Saturday, May 3, 2008

Recycling polystyrene

Is it really in a business' best interest to recycle? Yea, it's politically correct and "green" to recycle, but will it help their bottom line and save money? The amount of energy it takes to recycle materials is paramount to the whole ideology of recycling. I mean, what's the point of recycling something, if it's going to use an obscene amount of resources and energy to do it? People want recycling, but they seldom ask the million dollar question: "What's the opportunity cost of doing so?"

Based on an industry report, the current polystyrene market in the US alone is over 7 billion dollars. Polystyrene is a versatile plastic that has been around for over 150 years. A petroleum based plastic, polystyrene is one of the most common organic polymers being produced today. Everything from CD cases, plastic utensils, foam packing peanuts, insulation boards, food containers and coffee cups are made from polystyrene.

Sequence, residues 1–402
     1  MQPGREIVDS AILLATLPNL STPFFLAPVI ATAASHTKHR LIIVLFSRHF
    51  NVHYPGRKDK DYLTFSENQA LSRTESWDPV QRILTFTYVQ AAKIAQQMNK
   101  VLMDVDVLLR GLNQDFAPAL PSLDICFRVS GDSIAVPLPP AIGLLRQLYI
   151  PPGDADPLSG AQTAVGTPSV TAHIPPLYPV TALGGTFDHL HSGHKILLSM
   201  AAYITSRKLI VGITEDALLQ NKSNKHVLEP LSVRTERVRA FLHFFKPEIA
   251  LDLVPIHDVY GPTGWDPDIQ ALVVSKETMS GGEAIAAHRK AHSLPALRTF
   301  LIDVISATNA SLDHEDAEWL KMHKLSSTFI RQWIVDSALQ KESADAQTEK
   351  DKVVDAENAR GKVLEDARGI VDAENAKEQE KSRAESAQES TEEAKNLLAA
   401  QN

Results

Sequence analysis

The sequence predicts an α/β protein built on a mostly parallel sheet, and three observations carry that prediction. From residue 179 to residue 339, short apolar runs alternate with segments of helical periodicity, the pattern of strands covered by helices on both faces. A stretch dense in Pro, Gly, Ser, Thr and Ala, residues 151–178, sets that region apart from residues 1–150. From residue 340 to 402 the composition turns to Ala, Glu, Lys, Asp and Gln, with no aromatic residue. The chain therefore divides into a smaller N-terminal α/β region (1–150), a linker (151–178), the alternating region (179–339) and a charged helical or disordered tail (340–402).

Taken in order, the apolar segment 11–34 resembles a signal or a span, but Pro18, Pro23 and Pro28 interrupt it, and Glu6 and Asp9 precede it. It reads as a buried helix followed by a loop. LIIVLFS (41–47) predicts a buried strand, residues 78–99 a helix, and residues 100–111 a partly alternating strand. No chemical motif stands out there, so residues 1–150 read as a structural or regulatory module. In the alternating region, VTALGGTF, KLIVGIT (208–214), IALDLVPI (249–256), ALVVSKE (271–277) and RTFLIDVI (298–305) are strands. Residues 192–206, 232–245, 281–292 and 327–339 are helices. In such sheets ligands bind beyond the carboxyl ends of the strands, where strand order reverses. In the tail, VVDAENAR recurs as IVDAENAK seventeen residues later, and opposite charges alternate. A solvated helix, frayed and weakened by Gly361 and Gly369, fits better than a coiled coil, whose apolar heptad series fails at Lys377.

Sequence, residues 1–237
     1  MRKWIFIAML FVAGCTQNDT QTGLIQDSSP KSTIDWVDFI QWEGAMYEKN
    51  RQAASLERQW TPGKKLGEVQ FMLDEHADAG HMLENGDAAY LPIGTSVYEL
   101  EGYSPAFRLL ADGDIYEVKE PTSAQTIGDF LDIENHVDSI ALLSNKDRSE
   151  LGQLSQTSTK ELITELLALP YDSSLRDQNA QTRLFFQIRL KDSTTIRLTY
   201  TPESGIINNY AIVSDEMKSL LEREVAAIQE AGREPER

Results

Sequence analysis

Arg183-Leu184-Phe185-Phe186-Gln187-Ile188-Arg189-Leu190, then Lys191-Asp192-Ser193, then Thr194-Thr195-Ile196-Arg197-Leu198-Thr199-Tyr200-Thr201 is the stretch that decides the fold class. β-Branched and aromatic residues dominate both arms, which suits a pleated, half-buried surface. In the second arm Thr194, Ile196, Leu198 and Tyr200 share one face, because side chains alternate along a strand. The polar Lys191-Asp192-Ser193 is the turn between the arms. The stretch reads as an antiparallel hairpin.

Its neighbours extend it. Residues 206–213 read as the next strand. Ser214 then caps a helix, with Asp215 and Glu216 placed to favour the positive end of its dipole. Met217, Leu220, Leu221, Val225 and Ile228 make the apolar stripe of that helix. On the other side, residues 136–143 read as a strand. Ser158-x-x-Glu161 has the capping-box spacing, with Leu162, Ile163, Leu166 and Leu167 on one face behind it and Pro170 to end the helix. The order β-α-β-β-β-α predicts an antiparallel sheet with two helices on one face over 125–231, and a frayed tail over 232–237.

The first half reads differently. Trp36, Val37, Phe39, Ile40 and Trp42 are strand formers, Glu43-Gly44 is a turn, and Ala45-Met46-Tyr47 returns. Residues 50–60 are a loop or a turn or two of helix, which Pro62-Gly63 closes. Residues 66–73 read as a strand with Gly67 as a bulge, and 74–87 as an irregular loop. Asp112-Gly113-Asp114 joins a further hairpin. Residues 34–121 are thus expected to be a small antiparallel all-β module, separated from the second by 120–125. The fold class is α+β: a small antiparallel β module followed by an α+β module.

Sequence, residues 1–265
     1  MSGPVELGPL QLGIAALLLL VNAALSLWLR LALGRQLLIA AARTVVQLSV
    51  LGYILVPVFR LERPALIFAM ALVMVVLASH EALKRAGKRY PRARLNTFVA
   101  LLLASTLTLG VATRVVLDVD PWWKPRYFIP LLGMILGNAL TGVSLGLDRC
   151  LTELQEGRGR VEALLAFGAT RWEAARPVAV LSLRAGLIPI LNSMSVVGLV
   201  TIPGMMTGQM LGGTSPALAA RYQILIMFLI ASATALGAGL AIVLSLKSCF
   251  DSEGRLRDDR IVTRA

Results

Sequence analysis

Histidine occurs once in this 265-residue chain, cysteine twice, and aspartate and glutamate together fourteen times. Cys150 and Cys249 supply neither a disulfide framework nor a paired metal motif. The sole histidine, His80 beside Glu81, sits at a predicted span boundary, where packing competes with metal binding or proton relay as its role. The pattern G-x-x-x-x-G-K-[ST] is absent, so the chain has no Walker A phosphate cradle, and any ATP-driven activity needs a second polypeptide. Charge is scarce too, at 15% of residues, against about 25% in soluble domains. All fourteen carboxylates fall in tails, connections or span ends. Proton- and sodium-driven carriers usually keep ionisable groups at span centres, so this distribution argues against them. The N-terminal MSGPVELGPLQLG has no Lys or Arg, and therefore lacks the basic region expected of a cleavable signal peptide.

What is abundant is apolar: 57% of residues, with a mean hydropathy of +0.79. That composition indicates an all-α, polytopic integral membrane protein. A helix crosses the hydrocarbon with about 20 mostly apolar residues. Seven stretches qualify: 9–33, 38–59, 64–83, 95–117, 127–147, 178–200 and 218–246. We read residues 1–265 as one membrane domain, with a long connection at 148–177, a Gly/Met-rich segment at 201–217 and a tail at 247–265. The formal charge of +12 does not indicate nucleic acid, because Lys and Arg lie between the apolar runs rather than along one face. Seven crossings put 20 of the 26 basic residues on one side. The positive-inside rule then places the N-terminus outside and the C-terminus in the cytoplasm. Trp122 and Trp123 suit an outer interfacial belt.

When used as a foam (extruded or expanded), polystyrene's attributes are: low cost of production, high insulating value, and low weight. Unlike its virtuous cousin, polyethylene, which is recycled extensively:
"The majority of polystyrene products are currently not recycled because of a lack of suitable recycling facilities. Furthermore, when it is 'recycled,' it is not a closed loop — polystyrene cups and other packaging materials are usually recycled into fillers in other plastics, or other items that cannot themselves be recycled and are thrown away."

I believe EPS and XPS can be recycled simply, efficiently and economically; through a simple three step system:
  1. Shred and wash
  2. Heat and glue
  3. Press and extrude

1 comment:

Casey said...

i'll press and extrude you!